Initial batch testing has been completed and the results were in line with historical data from the Company. The next stage, “locked-cycle” testing where the leaching process is carried out multiple times to simulate actual ongoing operations, has commenced and will provide more definitive results, expected in early 2022.
As part of the process of leaching the vanadium, uranium, molybdenum, aluminium, potassium and rare-earth elements are also recovered into solution. Recovery from the leach solution is carried out by a three-stage sorption process in which uranium and molybdenum are recovered in the first, vanadium in the second and rare-earth elements can possibly be recovered in the third. The aluminium and potassium can be precipitated from the solutions as potassium alum. The recovery of these by-products will be confirmed within the test-programme discussed above.
Potentially a key by-product, carbon, is contained in the tailings and comprises a form of carbon similar in physical and chemical form to carbon black which is usually made by burning oil or gas. The Company has previously successfully tested two potential uses for this product; the first as a filler for making rubber and the second for smelting to make ferro-silicon. Two test-programmes have now been started to examine these options in more depth. A contract has been signed with professors from the Kazakhstan National University, Al Farabi, to examine the use as a filler in making rubber, with further testing by Belarusian State Technological University in Minsk, and a contract with the National Centre for Complex Processing of Mineral Raw Materials of the Republic of Kazakhstan has been commissioned to test the production of briquettes and use for smelting. Results of both contracts are expected during H1 of 2022.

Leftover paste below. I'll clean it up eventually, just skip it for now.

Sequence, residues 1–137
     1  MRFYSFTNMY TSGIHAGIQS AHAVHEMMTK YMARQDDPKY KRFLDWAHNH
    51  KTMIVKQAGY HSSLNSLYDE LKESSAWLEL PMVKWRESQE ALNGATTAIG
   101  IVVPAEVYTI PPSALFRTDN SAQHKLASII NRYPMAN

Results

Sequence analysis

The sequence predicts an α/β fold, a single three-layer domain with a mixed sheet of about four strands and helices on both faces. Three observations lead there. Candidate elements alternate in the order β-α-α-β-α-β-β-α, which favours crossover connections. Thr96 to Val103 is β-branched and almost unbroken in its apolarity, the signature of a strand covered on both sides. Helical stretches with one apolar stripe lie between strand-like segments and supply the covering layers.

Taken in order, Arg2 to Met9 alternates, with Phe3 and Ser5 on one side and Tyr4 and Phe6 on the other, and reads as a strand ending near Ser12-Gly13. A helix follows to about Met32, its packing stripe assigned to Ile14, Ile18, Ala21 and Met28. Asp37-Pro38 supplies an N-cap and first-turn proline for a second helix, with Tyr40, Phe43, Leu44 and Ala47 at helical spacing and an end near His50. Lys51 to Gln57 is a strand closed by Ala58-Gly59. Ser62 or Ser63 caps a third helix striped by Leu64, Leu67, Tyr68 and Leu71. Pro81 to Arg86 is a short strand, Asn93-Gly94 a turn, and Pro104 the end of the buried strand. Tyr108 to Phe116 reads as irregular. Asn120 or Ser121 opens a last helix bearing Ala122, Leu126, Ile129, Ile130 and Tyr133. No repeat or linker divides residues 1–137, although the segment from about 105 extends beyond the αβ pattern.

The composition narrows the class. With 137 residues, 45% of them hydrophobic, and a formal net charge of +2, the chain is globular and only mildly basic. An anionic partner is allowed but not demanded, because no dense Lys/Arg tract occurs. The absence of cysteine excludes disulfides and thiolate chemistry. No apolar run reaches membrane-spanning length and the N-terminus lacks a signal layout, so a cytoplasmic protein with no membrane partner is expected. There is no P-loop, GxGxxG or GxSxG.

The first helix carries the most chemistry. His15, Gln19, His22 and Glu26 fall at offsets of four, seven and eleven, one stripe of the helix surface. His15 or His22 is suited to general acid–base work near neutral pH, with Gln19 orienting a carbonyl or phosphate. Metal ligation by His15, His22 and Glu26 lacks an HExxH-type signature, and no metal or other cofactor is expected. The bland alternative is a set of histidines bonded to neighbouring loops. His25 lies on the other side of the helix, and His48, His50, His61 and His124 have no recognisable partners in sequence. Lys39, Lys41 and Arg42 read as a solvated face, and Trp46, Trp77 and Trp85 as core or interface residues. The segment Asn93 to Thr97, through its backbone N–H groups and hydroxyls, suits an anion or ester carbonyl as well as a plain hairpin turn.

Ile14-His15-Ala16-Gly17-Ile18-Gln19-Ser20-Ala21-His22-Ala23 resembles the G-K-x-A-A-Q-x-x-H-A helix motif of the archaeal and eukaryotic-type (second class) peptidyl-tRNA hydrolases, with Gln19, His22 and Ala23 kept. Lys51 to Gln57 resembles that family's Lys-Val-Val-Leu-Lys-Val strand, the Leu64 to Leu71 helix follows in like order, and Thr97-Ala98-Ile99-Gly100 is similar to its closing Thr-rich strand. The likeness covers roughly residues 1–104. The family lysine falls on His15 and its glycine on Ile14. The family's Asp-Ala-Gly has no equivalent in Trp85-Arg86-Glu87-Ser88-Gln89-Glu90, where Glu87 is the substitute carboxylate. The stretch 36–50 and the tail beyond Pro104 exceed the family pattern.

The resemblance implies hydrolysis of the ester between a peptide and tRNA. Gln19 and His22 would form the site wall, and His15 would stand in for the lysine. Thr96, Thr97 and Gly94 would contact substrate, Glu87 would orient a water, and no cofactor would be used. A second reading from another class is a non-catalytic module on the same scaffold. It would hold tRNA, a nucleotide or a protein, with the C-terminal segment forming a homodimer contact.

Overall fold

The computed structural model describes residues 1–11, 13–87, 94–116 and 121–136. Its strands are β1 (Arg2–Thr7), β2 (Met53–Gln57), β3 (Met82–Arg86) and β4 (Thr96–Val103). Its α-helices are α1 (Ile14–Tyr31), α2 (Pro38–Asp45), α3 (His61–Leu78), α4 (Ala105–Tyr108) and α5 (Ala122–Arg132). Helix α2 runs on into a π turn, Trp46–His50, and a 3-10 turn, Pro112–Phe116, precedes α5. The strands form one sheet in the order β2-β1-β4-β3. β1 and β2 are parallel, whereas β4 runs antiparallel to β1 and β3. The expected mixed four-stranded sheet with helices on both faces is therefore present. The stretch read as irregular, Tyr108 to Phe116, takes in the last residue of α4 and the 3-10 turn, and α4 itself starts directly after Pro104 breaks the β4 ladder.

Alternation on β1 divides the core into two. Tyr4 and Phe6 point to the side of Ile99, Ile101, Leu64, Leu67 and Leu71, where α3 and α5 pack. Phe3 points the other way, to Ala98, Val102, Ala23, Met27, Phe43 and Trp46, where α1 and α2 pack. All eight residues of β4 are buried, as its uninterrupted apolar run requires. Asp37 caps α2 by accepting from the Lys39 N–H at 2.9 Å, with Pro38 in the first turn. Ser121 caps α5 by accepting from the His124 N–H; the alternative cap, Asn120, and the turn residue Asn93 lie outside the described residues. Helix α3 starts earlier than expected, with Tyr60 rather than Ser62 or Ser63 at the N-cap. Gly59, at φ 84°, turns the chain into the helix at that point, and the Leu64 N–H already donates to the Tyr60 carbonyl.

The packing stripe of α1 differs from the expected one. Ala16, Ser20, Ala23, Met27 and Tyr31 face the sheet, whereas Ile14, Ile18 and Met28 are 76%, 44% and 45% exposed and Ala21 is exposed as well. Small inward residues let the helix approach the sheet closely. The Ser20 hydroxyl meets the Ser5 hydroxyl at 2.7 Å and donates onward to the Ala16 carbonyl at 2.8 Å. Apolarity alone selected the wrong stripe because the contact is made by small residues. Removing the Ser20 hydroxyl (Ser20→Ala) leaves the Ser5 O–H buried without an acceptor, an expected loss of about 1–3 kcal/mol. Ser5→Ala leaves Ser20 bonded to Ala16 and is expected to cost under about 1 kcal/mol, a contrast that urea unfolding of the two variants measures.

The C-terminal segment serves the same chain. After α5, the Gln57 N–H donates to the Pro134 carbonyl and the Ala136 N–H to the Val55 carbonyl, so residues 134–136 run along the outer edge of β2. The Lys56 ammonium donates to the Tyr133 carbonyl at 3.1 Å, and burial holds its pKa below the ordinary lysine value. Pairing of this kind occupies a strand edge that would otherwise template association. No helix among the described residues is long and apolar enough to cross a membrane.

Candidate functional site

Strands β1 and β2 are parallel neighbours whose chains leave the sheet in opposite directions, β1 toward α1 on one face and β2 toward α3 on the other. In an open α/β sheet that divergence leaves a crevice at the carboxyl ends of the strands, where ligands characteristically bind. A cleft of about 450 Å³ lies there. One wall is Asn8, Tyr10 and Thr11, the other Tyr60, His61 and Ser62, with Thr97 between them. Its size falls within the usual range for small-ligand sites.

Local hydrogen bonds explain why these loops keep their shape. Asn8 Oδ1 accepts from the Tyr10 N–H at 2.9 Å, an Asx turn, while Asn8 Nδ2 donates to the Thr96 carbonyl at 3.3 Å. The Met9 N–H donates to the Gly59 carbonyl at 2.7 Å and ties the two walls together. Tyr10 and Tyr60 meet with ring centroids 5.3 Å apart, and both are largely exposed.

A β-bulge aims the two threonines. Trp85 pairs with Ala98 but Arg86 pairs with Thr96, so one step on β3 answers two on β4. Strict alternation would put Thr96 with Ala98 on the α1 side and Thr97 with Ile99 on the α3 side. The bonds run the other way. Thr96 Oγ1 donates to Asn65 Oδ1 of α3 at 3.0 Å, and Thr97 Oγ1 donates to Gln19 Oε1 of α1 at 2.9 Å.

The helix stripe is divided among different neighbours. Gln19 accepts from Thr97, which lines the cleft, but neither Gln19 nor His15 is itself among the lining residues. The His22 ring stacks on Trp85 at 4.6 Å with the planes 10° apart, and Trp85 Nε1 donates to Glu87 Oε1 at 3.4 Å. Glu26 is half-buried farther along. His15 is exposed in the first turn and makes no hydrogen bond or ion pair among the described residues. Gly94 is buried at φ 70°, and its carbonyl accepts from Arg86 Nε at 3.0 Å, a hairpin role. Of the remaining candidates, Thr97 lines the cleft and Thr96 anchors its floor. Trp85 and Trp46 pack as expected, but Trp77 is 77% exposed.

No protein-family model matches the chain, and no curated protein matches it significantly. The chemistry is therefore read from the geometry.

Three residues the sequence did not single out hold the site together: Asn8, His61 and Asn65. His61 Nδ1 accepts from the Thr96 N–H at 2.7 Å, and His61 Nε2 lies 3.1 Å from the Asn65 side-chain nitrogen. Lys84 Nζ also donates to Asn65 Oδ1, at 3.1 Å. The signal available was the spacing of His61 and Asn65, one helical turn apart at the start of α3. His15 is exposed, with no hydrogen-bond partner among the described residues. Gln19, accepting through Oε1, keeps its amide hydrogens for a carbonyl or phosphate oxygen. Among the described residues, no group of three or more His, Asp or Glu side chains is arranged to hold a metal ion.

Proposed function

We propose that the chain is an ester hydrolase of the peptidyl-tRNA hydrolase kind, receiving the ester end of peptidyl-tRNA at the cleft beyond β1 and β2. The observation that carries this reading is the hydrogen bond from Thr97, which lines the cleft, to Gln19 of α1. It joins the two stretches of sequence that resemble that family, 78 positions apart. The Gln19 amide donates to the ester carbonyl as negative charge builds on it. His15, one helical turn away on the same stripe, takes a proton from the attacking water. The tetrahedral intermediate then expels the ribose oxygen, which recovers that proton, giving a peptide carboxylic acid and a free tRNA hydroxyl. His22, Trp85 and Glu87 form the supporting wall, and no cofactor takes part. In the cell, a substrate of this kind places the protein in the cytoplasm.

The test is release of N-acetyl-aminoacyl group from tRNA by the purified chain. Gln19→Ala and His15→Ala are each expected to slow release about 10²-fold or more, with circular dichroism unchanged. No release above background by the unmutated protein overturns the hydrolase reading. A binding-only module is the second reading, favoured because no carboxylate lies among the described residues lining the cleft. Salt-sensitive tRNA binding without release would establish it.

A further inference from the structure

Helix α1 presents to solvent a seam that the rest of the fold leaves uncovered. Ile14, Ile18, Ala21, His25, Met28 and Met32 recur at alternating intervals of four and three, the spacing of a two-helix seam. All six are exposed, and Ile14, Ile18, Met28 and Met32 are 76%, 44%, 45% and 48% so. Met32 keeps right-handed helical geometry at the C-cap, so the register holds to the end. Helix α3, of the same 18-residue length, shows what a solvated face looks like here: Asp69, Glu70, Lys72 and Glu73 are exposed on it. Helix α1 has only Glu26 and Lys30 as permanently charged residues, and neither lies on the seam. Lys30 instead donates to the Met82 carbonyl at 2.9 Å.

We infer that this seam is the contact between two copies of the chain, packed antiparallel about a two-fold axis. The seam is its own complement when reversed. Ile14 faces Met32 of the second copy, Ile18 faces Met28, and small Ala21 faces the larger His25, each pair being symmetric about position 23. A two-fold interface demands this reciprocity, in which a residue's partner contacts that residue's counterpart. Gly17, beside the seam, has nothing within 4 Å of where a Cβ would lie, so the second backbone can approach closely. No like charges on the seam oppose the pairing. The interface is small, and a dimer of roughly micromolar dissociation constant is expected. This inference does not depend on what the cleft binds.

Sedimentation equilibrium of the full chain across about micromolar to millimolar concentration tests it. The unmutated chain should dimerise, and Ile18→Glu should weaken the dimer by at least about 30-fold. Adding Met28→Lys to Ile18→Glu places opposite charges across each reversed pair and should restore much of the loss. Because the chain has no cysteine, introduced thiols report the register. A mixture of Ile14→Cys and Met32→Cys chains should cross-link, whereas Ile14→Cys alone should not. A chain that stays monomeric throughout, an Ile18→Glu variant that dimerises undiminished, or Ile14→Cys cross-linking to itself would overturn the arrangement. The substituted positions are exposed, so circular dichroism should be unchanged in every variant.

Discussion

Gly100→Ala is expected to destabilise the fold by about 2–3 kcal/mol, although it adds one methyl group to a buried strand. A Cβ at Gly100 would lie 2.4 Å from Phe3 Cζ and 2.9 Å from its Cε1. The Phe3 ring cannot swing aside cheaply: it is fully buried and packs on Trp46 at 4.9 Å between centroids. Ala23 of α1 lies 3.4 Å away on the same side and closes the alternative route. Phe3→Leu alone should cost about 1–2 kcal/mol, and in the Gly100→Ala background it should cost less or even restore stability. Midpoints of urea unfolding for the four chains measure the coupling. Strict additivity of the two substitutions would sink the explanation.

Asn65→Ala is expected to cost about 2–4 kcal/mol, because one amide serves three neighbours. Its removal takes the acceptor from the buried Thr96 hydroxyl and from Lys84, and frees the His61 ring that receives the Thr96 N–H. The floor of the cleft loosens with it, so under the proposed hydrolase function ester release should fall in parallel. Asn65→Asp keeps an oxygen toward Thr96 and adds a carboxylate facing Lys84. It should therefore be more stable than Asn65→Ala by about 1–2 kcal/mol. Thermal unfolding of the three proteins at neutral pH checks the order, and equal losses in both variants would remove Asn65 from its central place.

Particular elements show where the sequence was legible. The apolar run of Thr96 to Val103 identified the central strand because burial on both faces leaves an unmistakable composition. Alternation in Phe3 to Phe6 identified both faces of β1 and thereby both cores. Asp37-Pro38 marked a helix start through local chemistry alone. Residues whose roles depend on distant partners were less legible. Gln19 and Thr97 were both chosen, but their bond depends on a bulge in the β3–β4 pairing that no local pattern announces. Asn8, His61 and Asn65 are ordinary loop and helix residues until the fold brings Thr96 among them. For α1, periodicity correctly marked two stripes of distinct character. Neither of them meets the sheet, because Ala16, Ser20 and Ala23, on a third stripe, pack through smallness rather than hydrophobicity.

Nick Bridgen, Ferro-Alloy Resources CEO, commented: “Balasausqandiq benefits from a combination of low capital and operating costs, access to infrastructure, an advantageous location and huge scale.
“World demand for vanadium is growing as more vanadium flow-batteries to store renewable energy are being built and vanadium in its traditional use as an alloy of steel is needed to cut down on CO2 used in steel production.
“Through its ability to supply large quantities of vanadium at low cost, Balasausqandiq is destined to play an essential part in the reversal of global warming.”